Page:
By Kimia Degani
High school is undoubtedly one of the busiest times of anyone’s life – filled with classes, homework, projects and assessments. But after being at Loreto for five years, I’ve compiled a list of tips on how to survive the crazy journey of high school that I’ve learned the hard way.
Everyone knows that high school is hard – if it’s not now, it will be later. There will be times when you feel like you’re on top of everything, and other times when the world seems to be working against you. Whether you believe it or not, your attitude has a huge impact. If you’re constantly thinking and talking about how worried you are or how much work you need to do, it will only make the situation worse. The first thing you can do for yourself (and those around you) is stay calm and collected. I know that’s easier said than done, but remember that everyone is in the same boat, and if you’re feeling overwhelmed, it’s likely other people are too.
I remember constantly being told how important it was to get a decent number of hours (by adults especially) but brushing it off anyway. At times, it can feel like you should be using every spare moment studying, but it’s important to remember that you’ve got a long way to go, and if you push yourself too hard for too long, you’re going to burn yourself out too early. I’ll admit I’m guilty of staying awake until early hours of the morning but let me tell you – you’ll feel it the next day. Some people work better at night, but you need to set a limit. The reality is, you need to be at school by 8.20am the next day, and if you’re sleep deprived, you’ll find it nearly impossible to focus on or absorb anything. It’s alright to stay up late every now and then for important assessments but doing it constantly can create a vicious cycle.
3. Try different study methods
Don’t feel that the way your friend is studying is the way you should be studying. Everyone learns differently, so don’t be afraid to draw mind maps, diagrams, make recordings and listen to them, or teach other people. As long as you cover all the information you need, it doesn’t matter how you learn it. I remember writing all of my year 11 notes in endless word documents, but realising how intimidating it was, summarising it in tables on different OneNote pages.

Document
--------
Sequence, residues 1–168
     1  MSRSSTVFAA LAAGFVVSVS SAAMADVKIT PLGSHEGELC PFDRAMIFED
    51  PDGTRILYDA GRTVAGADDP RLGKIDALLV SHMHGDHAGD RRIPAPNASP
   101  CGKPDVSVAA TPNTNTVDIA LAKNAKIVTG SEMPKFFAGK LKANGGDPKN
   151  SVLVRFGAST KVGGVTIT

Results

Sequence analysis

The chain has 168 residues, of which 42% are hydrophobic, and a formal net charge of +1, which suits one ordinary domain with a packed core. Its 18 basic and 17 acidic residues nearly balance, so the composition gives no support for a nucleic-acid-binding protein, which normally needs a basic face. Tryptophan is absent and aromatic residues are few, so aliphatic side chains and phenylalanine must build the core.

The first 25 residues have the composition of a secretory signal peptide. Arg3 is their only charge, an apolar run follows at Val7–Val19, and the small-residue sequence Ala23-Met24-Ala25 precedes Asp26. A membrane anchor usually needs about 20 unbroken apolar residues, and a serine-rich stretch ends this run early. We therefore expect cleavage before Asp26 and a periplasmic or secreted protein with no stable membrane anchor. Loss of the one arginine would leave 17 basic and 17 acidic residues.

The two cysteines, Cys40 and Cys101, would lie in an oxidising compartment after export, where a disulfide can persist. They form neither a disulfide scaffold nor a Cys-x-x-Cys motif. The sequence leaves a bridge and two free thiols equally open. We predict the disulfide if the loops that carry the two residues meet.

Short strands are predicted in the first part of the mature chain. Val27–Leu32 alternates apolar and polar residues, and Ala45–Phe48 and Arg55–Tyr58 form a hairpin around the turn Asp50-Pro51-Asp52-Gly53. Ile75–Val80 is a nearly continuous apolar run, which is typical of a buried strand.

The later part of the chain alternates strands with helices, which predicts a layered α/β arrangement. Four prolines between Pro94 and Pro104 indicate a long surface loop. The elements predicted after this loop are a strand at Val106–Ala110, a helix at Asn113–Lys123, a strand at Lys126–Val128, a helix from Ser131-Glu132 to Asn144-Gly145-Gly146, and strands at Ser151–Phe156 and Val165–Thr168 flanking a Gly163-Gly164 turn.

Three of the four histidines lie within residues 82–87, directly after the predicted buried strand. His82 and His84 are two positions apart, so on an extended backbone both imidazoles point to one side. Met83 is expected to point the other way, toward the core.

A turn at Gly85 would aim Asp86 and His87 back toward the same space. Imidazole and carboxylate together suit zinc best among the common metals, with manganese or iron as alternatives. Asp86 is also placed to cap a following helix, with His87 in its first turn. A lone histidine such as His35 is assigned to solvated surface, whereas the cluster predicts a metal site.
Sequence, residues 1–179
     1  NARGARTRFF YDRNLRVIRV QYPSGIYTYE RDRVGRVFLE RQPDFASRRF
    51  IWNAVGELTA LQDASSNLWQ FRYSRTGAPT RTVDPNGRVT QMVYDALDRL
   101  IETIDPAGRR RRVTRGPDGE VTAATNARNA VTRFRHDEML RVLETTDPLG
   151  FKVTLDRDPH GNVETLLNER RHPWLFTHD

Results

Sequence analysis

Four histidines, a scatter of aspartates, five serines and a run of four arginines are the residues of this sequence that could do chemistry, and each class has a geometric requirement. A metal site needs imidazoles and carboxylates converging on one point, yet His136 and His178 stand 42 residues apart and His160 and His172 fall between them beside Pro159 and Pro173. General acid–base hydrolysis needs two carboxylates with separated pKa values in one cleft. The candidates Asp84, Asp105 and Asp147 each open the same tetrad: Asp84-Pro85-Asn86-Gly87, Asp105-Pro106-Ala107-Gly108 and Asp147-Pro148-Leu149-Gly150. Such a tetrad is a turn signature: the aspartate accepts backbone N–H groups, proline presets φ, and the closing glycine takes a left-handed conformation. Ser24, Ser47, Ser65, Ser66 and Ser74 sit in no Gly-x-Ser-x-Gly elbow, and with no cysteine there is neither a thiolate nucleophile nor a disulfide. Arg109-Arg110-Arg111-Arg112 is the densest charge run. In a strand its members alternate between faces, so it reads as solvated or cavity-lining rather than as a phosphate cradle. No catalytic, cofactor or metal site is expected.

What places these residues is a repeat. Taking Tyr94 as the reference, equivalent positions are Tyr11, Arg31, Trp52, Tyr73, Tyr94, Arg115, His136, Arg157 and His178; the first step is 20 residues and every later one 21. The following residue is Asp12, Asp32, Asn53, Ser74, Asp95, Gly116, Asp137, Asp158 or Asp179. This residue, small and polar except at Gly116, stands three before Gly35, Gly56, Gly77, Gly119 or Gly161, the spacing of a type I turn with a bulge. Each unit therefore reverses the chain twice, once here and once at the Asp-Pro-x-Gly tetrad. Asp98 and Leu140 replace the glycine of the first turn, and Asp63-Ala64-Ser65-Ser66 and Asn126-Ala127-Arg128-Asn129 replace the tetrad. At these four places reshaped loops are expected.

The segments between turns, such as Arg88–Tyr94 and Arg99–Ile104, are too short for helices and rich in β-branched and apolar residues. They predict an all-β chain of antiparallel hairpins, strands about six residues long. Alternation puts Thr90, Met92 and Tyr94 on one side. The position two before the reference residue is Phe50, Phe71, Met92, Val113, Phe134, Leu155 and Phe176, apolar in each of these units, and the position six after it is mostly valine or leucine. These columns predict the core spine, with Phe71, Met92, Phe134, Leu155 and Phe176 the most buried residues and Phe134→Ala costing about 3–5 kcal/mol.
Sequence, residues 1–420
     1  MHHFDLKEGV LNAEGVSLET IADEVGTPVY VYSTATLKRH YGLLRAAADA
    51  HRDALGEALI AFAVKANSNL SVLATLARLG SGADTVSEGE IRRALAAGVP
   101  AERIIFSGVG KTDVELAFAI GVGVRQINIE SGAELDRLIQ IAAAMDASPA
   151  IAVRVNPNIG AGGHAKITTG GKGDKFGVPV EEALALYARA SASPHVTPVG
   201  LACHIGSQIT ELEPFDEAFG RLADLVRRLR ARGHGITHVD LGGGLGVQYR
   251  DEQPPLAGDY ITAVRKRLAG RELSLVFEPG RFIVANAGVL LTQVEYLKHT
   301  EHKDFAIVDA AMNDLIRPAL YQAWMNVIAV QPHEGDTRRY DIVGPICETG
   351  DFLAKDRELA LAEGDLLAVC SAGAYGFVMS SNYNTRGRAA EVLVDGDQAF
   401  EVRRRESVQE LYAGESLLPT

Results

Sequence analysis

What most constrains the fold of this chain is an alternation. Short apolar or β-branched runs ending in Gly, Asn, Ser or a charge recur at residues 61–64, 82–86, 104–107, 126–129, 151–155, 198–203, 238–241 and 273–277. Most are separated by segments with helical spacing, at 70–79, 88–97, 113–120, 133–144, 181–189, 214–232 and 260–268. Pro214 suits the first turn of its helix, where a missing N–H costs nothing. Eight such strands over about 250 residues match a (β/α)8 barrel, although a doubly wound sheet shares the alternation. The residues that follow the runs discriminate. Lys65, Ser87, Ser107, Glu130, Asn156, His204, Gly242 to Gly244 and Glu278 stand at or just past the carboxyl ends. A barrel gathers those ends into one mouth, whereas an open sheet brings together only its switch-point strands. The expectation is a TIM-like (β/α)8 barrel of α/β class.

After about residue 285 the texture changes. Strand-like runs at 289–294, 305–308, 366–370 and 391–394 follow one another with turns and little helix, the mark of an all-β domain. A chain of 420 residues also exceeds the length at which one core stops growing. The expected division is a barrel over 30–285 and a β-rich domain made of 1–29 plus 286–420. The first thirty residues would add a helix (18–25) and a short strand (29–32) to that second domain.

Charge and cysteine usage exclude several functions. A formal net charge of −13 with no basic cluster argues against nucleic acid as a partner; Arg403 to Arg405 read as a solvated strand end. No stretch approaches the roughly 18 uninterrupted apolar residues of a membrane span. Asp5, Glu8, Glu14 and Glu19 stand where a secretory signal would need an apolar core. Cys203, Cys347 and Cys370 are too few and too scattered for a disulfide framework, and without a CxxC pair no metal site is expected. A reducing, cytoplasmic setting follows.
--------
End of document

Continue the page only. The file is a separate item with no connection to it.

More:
4. Motivate yourself
High school is a long process, so it’s normal to feel like giving up sometimes. If you’ve got a goal, dream or vision of what your life is going to look like in the future, make a vision board for yourself. Hang it above your desk or anywhere in your room, so that every time you look up, you’re reminded of what you’re working towards. Another method is to plan exciting rewards to look forward to. A shopping trip, a movie night, or a family dinner are events you can organise in advance to help you take a break after a long week or assignment.
5. Study smarter not harder
Lastly, and arguably most importantly, find smarter ways to study. Especially in the senior years, it can be tempting to try and memorise information for every syllabus dot point, but to make it easier for yourself, try learning essay plans or quotes that can be used for a variety of questions. In legal studies, for example, pick a handful of cases you already know or find easier to remember, that cover as many areas of the topic as possible. Same goes for evidence in history, quotes in English e.c.t
In saying all this, it’s important to remember that it all comes with practice. Some approaches need trial and error before you find out what works best for you. Collaborating with your friends and teachers will really help you discover the best ways to deal with the workload. At the end of the day, it’s important to remember that it’s all a practice run to help you fine tune your skills for the finale. I was always a perfectionist when it came to school, so I never understood when people said, “it’s good to make mistakes”. But I know now that it’s about discovering your weaknesses early so you can fix them for the future. Do not stress yourself out over the little things because when you step back, they play a very small part in the overall picture.